The author is a writer and journalist.


President Obama's defense of the right of Muslims to build a mosque and Islamic center in New York City turned the issue into one of religious freedom. That was wrong.

He could have said: American law and values do not support discrimination, certainly not against Muslims; our history proves that.

There are about 2, 000 mosques in the United States, serving about 8 million Muslims; NYC alone has a dozen mosques.

And Muslims are doing well in America: 67% have higher degrees; their average income is over $42,000;26% earn over $100,000; 67% buy a new car every 3 years.

President Obama could have noted that most American Muslims don't attend prayer services; mosques are often political and social centers, some which are problematic.

According to FBI estimates , 10 % of the mosques in the United States are associated with radical Jihadist ideology. Others estimate that 80% of mosques are dominated by the extremist Wahhabi ideology promoted by Saudi Arabia. And they are allowed to practice, under American principles of freedom of religion.

Unlike houses of worship in America which are built and supported by the local population, most mosques receive funding from foreign countries, especially Saudi Arabia.

In a particularly disturbing case , the Islamic Development Bank also granted US$295,000 to the Masjid Bilal Islamic Center, for the construction of the Bilal Islamic Primary and Secondary School in California, in 1999. Hassan Akbar, an American Muslim presently charged with a fatal attack on his fellow soldiers in Kuwait during the Iraq intervention, was affiliated with this institution.

In addition, the previously mentioned official website of the Saudi government reported a donation in 1995 of $4 million for the construction of a mosque complex in Los Angeles, named for Ibn Taymiyyah, a historic Islamic figure considered the forerunner of Wahhabism

President Obama might have noted that the Moslem Brotherhood, a Nazi organization that is banned in Egypt, is associated with some American mosques.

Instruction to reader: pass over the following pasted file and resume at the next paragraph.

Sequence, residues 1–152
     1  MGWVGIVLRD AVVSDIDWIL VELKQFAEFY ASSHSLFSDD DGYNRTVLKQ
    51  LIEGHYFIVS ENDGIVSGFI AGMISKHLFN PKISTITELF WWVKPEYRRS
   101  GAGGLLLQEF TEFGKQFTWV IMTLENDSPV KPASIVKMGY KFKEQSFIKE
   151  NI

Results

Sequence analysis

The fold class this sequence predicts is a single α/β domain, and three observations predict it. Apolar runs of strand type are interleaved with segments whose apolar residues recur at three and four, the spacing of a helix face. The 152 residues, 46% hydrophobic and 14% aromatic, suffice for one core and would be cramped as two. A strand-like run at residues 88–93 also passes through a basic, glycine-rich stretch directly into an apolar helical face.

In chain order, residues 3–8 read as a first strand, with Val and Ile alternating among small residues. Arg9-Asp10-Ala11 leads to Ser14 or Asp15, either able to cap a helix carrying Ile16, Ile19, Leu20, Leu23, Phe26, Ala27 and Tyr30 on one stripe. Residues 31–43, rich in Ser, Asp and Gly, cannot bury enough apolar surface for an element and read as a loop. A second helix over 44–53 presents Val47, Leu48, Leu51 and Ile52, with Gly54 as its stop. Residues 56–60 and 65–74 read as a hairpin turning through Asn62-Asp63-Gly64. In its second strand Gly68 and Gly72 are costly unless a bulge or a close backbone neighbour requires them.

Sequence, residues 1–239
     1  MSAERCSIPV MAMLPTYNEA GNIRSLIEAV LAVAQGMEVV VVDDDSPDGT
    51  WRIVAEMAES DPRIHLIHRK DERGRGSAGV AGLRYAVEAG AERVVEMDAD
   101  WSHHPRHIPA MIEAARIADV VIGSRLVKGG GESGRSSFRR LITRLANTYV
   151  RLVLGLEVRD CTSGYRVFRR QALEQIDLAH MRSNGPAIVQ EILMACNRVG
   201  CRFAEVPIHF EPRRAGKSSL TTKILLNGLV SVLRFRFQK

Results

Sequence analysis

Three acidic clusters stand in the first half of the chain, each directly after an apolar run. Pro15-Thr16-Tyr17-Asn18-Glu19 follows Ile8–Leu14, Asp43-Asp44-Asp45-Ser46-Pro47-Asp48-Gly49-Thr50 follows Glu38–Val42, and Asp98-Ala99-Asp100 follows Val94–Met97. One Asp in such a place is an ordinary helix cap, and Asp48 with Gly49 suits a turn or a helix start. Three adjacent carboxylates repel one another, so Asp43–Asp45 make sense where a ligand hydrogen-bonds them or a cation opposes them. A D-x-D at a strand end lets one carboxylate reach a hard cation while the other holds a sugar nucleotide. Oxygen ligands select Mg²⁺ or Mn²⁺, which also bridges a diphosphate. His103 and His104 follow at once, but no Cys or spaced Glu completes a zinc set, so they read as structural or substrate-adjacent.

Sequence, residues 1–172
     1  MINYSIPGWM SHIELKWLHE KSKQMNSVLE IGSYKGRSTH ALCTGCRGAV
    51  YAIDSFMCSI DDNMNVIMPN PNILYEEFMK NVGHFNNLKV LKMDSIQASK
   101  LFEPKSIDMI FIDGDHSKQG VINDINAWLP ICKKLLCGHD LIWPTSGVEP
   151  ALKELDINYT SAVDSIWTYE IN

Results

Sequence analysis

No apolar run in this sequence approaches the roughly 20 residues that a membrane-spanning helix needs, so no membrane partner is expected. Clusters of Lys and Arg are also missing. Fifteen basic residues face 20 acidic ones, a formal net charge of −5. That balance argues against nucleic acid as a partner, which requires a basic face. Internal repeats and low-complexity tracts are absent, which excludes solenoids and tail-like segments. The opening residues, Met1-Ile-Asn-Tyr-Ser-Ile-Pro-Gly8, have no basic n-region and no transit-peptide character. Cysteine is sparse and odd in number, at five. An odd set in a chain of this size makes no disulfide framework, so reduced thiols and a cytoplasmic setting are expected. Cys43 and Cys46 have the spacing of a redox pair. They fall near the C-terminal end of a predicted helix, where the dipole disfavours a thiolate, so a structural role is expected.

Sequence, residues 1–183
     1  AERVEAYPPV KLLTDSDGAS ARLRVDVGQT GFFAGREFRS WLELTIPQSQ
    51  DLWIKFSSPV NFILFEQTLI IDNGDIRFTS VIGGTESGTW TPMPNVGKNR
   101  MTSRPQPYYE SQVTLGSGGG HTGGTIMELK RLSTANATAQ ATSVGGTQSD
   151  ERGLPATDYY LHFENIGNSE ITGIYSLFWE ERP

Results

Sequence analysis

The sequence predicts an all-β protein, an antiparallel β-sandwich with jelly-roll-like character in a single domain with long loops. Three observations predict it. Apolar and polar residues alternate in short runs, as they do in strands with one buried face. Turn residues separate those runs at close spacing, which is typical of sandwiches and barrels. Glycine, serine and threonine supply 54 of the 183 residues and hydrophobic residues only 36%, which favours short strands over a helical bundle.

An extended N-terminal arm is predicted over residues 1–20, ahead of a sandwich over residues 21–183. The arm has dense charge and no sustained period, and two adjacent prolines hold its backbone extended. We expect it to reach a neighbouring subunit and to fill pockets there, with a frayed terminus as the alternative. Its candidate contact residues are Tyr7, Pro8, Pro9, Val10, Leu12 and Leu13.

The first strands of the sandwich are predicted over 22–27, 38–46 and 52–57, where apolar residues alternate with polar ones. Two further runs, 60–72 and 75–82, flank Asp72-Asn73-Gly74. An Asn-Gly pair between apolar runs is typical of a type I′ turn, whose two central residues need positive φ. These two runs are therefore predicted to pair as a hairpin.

A study by Freedom House concluded that "American mosques are filled with Saudi publications that promote hate ideology. All of the books and publications were found to have some connection to Saudi Arabia. According to the study, these publications advanced a "dualistic worldview in which there exist two antagonistic realms or abodes that can never be reconciled, Dar Al-Islam and Dar Al-Har, or Abode of War and that when Muslims are in the latter, they must behave as if on a mission behind enemy lines."

The study also concluded that these publications "pose a grave threat to non-Muslims and to the Muslim community itself." The study further found that the "spread of Islamic extremism, such as Wahabbism, is the most serious ideological challenge of our times" and that "[t]he Saudis' totalitarian doctrine of religious hatred now planted in many America mosques is inimical to our tolerant culture, and undermines the war on terrorism by providing the intellectual foundation for a new generation of Islamic extremists."

President Obama could have explained that this is obviously not an issue of religious freedom. He could have defended America, its reputation, institutions and values. Instead, he reinforced the view that America is bigoted.

For that, President Obama owes every American an apology.

 

The author is a writer and journalist.